[New publication] Issue 2017 Volume 10 of Cultus: MULTILINGUALISM, LINGUA FRANCA OR WHAT?
Link to the website: http://www.cultusjournal.com/index.php/current-issue
Introduction by David Katan
For this 10th anniversary issue we are very fortunate to have two extremely
engaging conversations. They are both frank discussions on the state of the art of
translation and its relevance today. We open with Henry Liu, recently President
of the International Federation of Translators and close with a conversation
between renowned scholars Susan Bassnett and Anthony Pym, who muse – over
a glass or two – about the monster that is called ‘translation’.
The conversation between the editor David Katan and Henry Liu, immediate
past president of the International Federation of Translators (FIT), focused on
three main areas. The successes and failures of FIT, the ongoing debate between
textcentric and context based translating, and on multilingualism. Liu begins by
listing the significant achievements over the past 60 years as well as what is still
on the to-do list, such as improving the rights of interpreters in conflict zones.
Katan then raises a number of elephant in the room questions, the main one
being the future of the profession which he links to its insistence on ‘mindless’
and ‘textcentric’ ethics. Liu points the finger at academics, who are out of touch
with the realities of the job, often responsible for the drawing up of professional
guidelines. We will find two academics (Bassnett and Pym) concluding this issue,
equally finger pointing – but in different directions. Liu creates a much more
motivating vision of translation as a core skill to be learnt for a variety of
professions, which will be echoed in the concluding conversation. Liu also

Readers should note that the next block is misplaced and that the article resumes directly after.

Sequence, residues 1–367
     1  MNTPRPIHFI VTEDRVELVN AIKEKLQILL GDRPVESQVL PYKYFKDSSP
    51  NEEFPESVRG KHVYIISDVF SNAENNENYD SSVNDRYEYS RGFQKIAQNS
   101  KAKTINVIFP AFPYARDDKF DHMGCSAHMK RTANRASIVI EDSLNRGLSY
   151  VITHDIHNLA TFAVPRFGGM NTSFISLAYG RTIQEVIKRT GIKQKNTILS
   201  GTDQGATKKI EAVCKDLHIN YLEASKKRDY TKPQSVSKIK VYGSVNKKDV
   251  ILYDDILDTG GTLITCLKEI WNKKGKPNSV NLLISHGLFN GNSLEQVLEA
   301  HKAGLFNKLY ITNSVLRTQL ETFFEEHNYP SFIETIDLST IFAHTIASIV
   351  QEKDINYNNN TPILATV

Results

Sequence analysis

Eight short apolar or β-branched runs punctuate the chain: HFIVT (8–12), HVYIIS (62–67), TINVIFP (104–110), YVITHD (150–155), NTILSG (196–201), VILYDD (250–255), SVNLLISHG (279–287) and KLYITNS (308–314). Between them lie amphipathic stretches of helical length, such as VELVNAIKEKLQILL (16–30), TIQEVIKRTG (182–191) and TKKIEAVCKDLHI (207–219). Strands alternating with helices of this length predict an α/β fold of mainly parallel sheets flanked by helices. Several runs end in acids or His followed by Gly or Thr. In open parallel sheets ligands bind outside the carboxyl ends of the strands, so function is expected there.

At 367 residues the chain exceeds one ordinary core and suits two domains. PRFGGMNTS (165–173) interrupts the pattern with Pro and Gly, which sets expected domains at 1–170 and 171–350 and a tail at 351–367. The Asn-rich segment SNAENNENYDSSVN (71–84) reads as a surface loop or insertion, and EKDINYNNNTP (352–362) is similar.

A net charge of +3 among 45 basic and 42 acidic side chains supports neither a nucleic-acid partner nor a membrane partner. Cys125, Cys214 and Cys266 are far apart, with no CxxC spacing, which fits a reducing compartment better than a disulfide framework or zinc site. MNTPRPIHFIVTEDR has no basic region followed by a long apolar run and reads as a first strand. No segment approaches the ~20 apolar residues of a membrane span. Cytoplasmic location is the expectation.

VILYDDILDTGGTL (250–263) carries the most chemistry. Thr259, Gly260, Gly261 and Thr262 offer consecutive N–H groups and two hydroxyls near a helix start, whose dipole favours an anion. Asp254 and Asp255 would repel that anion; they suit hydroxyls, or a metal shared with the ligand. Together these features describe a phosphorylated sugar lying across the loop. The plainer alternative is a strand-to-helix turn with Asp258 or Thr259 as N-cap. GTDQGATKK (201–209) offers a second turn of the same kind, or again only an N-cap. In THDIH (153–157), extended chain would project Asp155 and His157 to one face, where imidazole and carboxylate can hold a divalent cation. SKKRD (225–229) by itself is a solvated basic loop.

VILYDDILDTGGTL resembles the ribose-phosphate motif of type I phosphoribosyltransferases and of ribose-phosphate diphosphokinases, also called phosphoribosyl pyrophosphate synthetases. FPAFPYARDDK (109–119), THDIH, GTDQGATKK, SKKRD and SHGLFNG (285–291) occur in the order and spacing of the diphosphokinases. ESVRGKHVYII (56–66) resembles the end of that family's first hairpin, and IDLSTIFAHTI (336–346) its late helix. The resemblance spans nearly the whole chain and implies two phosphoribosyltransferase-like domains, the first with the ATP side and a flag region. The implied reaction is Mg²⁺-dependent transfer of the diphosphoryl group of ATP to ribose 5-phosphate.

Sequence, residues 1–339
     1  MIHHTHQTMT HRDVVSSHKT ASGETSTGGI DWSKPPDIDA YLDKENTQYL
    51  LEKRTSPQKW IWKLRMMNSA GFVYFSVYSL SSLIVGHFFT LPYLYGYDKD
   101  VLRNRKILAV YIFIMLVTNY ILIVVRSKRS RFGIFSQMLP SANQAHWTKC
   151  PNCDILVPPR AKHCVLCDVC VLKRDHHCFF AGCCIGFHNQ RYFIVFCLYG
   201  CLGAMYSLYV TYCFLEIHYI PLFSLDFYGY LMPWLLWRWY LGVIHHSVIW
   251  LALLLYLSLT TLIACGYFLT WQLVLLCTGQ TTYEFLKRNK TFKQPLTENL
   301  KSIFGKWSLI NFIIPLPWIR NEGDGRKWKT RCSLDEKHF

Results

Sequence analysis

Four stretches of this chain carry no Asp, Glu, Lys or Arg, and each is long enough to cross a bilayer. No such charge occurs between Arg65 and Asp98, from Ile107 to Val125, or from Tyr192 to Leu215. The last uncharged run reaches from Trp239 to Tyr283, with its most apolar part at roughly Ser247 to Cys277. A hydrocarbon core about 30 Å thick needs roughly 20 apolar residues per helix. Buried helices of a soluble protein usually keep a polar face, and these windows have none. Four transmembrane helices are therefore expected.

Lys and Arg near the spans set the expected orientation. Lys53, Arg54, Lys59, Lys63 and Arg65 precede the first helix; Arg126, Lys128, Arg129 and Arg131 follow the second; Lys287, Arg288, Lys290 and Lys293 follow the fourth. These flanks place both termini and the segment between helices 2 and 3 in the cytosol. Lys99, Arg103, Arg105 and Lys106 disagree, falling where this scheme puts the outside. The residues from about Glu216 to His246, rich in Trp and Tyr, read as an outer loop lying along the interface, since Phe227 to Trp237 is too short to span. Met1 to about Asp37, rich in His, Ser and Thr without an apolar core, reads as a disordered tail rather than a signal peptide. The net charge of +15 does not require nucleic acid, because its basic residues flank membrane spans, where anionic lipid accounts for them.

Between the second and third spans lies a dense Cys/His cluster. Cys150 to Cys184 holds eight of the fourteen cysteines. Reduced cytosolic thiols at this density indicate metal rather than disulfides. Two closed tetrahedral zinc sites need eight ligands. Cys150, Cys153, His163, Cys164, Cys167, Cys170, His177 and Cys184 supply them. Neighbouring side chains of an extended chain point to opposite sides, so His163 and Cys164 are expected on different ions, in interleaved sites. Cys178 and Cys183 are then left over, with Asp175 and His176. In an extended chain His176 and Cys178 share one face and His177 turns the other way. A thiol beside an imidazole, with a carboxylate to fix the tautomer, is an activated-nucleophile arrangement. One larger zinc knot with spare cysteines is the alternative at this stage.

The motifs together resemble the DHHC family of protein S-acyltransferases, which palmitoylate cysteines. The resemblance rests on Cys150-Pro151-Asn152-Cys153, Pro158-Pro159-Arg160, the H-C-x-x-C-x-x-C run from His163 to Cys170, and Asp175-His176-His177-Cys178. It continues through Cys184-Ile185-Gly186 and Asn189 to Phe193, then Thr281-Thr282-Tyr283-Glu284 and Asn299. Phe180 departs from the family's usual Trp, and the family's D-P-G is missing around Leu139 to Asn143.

tackles media criticism of the costs of multilingualism and translation by looking
at a wider reality in the world, and that of the rise of ‘non linguals’.
Patrick Leech carries the conversation forward, and notes along with Liu
and Katan that it is ‘communication’ rather than language or languages that is
often overlooked in policymaking. He begins with the EU’s (varying) interest in
‘language’ and the knotty problem of how to promote both unity and at the same
time safeguard diversity. Beginning with the EU enshrinement of the idea that all
have the right to express themselves in their mother tongue, Leech documents
the history of language regulation from 1958 noting the changing focus on
multilingualism. The more recent policy documents focus on the economic
benefits of language competences for businesses as well as the importance of a
lingua franca (English). However, he concludes that in practice little investment
has been put into multilingualism or into minority languages, due to the slow
move away from static idea of one nation one language. With Brexit round the
corner, this could just be the time, Leech suggests, to re-open the debate on the
relations between language and political institutions.
Michael Tieber opens the section on interpreting with a report on a survey
of attitudes regarding language preference amongst conference speakers at the
European Union. He begins looking at lingua francas and then at the rise of
English as the lingua franca. The elephant in the room is again scrutinized, but
this time from the point of view of the conference interpreter. It seems clear
from the literature that increased use of ELF is already leading to a reduced need
for interpreters. A second problem is that for the interpreter (and for any
listener), English as a lingua franca (ELF) is usually more difficult to decipher
than the use of a speaker’s first language. What Tieber focusses on next is
attitudes. He investigates, using a corpus of young conference speakers at the
EU, why non-English speakers might prefer to use ELF rather than taking
advantage of trained interpreters. Reasons given ranged from ‘taking control’,
‘impressing others’, ‘saving time’, and also familiarity of the subject in English.
Interestingly, however, they did mention that having interpreters benefitted the